In short, when I came to this doctor, I was almost a year without proper meds, was going through 2-3 over the counter inhalers a week (NOT a good thing), and was out of work for nearly four months and was unable to do much other than sit at home most days. A couple weeks before this appointment, I was yearning for a walk so much that I decided, hey, it’s warm out, I’ll just take a walk around the block and see how that works out for me. In short, it was a bad idea. Halfway around the block my lungs have seized up and it feels like I can’t get air in and out of them. By the time I made it back to my place, my legs were feeling numb and my head was pounding and I was dizzy. I felt like I was going to throw up. It was almost an hour before I recovered fully. From a walk around the block.

Fast forward to my doc’s appointment. I explain to him that my asthma has gotten very severe, stopping me from being able to be active or live a normal life. I explain that most of my life I’ve always been a pretty darn active person and that I can no longer live that way. He listens to my lungs, tell me I “actually sound pretty good”–of course, I was sitting and not exerting myself in any way–and then changes the subject.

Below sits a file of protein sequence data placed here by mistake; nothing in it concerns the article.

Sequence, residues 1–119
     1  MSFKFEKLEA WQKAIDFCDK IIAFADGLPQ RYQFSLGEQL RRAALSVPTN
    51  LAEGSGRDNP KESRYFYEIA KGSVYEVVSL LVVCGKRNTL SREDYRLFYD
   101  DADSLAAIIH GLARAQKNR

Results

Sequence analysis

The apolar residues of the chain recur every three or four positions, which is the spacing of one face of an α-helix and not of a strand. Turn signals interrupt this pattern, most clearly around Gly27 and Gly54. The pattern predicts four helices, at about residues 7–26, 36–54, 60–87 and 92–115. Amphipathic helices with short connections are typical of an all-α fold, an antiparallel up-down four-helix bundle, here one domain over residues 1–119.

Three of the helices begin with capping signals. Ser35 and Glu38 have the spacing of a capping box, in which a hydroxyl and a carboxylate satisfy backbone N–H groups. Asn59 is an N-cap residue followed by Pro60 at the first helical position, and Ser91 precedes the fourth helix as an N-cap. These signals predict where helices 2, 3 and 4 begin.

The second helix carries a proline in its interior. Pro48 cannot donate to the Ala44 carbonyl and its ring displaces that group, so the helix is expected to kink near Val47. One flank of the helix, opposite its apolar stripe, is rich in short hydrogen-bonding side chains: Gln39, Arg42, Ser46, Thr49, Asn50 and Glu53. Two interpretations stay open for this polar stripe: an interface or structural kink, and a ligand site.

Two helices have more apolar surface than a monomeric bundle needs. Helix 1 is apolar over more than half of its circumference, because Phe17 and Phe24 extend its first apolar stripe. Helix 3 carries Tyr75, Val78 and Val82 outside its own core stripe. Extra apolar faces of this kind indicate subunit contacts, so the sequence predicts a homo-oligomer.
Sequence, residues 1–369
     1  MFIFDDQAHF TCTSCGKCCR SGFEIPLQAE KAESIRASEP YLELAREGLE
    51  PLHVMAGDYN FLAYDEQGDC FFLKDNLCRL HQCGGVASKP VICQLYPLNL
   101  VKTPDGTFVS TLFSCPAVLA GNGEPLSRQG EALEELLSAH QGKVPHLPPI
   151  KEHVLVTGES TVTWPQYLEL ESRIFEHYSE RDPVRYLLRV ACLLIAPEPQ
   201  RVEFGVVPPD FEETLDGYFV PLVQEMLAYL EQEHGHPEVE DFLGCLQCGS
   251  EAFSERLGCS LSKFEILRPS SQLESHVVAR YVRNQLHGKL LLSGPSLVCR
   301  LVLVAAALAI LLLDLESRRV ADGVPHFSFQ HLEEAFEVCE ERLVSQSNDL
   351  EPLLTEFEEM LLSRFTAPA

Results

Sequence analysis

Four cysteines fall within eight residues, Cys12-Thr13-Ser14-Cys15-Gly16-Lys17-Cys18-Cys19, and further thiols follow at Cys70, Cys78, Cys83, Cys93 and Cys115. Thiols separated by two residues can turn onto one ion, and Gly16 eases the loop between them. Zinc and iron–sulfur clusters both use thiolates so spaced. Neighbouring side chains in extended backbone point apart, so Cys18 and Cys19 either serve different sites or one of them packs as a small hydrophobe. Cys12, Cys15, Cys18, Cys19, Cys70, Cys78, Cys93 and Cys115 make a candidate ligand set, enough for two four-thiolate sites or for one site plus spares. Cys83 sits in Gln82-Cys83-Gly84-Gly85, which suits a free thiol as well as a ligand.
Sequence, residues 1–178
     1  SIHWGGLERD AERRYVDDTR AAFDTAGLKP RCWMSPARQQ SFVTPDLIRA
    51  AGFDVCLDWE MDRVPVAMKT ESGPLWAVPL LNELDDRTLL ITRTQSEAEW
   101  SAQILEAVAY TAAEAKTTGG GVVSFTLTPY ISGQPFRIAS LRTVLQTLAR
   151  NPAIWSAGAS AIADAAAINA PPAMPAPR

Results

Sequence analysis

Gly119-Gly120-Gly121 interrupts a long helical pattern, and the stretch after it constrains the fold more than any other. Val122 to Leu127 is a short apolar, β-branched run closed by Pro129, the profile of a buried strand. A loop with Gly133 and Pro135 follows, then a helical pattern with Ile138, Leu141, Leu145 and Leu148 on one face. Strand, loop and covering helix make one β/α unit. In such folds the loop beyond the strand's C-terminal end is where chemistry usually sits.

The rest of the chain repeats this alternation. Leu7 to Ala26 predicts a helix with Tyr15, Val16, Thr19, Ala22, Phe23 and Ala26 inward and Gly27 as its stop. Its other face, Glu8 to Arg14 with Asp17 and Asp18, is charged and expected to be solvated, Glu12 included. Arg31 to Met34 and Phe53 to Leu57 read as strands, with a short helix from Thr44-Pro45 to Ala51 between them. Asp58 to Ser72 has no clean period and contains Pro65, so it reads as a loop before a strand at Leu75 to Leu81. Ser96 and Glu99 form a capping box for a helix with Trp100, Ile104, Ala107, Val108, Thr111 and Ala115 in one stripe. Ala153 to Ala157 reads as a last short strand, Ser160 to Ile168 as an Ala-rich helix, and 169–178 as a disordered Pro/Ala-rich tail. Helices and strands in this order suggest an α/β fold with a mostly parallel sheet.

I find myself being told that “obviously” my weight is a “big problem”! Oh noes! I stare blankly as he tells me he thinks I should try and get some exercise. GEE, REALLY? THANKS, I NEVER THOUGHT OF THAT! As courteously as I can, I explain that I’ve always been fat, even when I exercised an hour or more a day five days a week and through various diets, and that right now my issue is that I don’t feel well enough to exercise even though I want to. He orders a blood test to check for an underactive thyroid, citing that such things can make it “difficult for someone to lose weight”. Maybe the fact that permanently losing significant amounts of weight is basically impossible makes it difficult? Just maybe? Anyway, he then, after all this, announces that he is writing me a prescription for Zoloft for my depression, wink winking at me about how “depression might make it hard to focus on weight loss or exercise”.